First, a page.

My favourite places to buy Kirby cucumbers are Fiesta Farms, natch; Lady York Foods, who always seems to have very fresh ones; Coppa’s on Dufferin, who usually has a two different sizes, and the Fortinos at Lawrence West and the Allen Road, where the chile pepper section is also very good. One day I should really write about what a fascinating store it is. I’ve also seen them turn up out of season at Ample Food Market, but I haven’t tried them yet. Dill seed heads can be hard to find, but Yummy Market on Dufferin reliably has them in late summer, as well as a very good selection of ready-made pickles. (But if you are continuing to mask, be forewarned that Yummy has been terrible about masking every time I’ve been there.)
Similarly, when I first was made to go freelance, I somewhat obsessively made stock every day for about a week. White chicken, brown chicken, beef, pork, veal, seafood. (Peanut. Hazelnut. Cashew nut. Macadamia nut. IYKYK) The Instant Pot was in constant use and the basement freezer was packed full of stock frozen in two-cup portions in Ziploc bags.
This in spite of covering all the beds with thin layer of cayenne, blood meal, and bone meal. Right after applying them, the garden smells like a particularly spicy horse barn. Plastic forks still protect the transplanted seedlings, but not in last year’s, as Beth put it, “worryingly large” numbers.
A deli and a creamery and a bakery and a restaurant and a leadership training centre and a mail order house. It’s the food hydra of Ann Arbor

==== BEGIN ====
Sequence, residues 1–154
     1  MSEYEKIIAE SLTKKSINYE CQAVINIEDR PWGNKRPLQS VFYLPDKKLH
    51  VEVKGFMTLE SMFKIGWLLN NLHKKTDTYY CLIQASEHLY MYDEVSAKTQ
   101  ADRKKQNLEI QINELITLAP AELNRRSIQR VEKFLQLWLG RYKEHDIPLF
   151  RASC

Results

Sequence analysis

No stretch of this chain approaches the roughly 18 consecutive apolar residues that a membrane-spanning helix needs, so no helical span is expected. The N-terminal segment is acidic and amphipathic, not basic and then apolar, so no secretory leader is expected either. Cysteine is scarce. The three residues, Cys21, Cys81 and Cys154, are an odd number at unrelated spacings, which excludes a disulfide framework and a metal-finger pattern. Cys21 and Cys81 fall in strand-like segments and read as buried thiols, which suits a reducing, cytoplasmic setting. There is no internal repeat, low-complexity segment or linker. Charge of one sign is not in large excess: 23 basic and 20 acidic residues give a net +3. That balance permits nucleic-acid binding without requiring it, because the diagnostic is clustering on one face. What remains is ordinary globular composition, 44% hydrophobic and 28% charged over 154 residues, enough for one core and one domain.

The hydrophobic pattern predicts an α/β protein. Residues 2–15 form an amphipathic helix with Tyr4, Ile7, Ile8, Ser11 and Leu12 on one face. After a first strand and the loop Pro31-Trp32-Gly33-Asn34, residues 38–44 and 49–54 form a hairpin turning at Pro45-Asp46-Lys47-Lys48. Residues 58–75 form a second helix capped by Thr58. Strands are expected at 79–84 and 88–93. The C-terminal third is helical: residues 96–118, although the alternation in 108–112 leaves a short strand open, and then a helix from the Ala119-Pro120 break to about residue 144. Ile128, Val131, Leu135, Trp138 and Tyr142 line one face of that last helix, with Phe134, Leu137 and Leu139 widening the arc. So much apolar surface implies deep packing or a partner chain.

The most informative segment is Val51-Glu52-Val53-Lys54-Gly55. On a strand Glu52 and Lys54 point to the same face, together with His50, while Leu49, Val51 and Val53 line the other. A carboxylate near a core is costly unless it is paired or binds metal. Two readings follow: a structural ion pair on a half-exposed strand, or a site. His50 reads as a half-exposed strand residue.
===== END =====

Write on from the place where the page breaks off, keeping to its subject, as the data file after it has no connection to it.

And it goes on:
As in “Forewarned is forearmed.” He doesn’t deliver a devastating elbow to your chest or chin, I promise.
A spatchcocked chicken has had its backbone cut out so it will lay flat in a pan. You sometimes see this at butcher shops as “flattened chickens.” It’s a great way to speed the cooking of a chicken and have the white and dark meat cook more evenly.
If you want to learn more about what stores and burger places in Toronto carry Martin’s (and how to get in touch to say you don’t think that’s very cool), you can find it in my Instagram story highlight here.
Please believe me when I tell you it was never my plan to write about awful people doing awful things on a regular basis. I would much rather not have to write about it. But staying quiet only makes things worse. I promise this won’t become a standing item. And, as I said last issue, if you feel you need to leave a comment or reach out to me about “cancel culture,” just fuck off and unsubscribe. This isn’t the newsletter for you.
Love getting these and appreciate you naming nuts!
Loved the post, Mike, especially naming the shame all gardeners face in late August/early September when weeding, etc. becomes a hill too high to climb.